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Subject: Re: [xacml] Groups - DLP-NAC profile uploaded

Thanks Bill,

That clarifies things. So what you are saying is that what we usually type in as single IP, say, is actually shorthand for the actual meaning,

Does that mean that all instances of the ipAddress-value data type must have a mask of 32 (for IPv4), if they have the mask specified?

Regarding when I said "... but an ipAddress-value does not have a portrange, it has a port", I was referring to a simple typo in the spec. It should say "Any _port_ values in either argument SHALL be ignored"

Best regards,

On 2014-03-20 16:51, Bill Parducci wrote:
On Mar 20, 2014, at 4:21 AM, Erik Rissanen <erik@axiomatics.com> wrote:


Why does the ipAddress-value data type have a network mask?
A mask of /32 represents an "end point" using CIDR notation. This is commonly used in router or firewall rule/policy expression.

Maybe it was discussed on a call when I was not present, and I am not a networking expert and might not understand what the intention was, but I tried to retrace the discussion on the list. If ipAddress-value is intended to represent a specific network endpoint, then it should not contain a mask, since masks are used to represent IP address ranges, right?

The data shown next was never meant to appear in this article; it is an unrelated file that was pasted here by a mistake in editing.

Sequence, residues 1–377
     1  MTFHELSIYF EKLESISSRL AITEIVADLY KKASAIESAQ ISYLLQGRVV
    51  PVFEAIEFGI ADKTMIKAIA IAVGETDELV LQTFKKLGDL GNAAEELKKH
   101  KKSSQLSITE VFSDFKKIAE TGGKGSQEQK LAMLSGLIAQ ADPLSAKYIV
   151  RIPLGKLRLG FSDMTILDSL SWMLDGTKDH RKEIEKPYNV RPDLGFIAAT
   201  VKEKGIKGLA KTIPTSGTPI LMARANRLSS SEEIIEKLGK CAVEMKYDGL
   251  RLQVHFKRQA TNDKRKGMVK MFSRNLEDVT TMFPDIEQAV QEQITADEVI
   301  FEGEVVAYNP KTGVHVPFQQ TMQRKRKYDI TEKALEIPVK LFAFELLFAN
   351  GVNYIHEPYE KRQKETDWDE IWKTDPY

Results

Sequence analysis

Using CIDR notation on an IP address is the more formal expression.

And, did you consider the need of an ipAddress value equal function which also checks the port? BTW, the definition of ipAddress-value-equal says that "Any portrange values in either argument SHALL be ignored", but an ipAddress-value does not have a portrange, it has a port.
Yes. I was not successful in making the case for it sufficiently. I believe this is a very useful extension of this logic.

I don't think there is a definitive reference for how port/portranges are described with respect to IP addresses. There are some notational conventions (which we adopted in the Profile), but I don't think anyone was able to identify an RFC specification on how it is to officially be expressed. Based on that, a portrange was also deemed "valid" an extension to IP address for our purposes.

If we were to pursue the port matching concept I would offer that the best way to do it is via portrange matching, extending your equals vs. match concept. All ports references would be a range. Therefore a single port would be expressed as a range of one port (e.g. "8000-8000"). Personally, I would express this as upperPort and lowerPort attributes in XML, pulling port notation away from the IP address value completely, thus keeping the matching function logic in tact (sans the need to pare port off). I would further suggest that we make port mandatory and allow for a wildcard/keyword value to represent ports 1-65535 for completeness.


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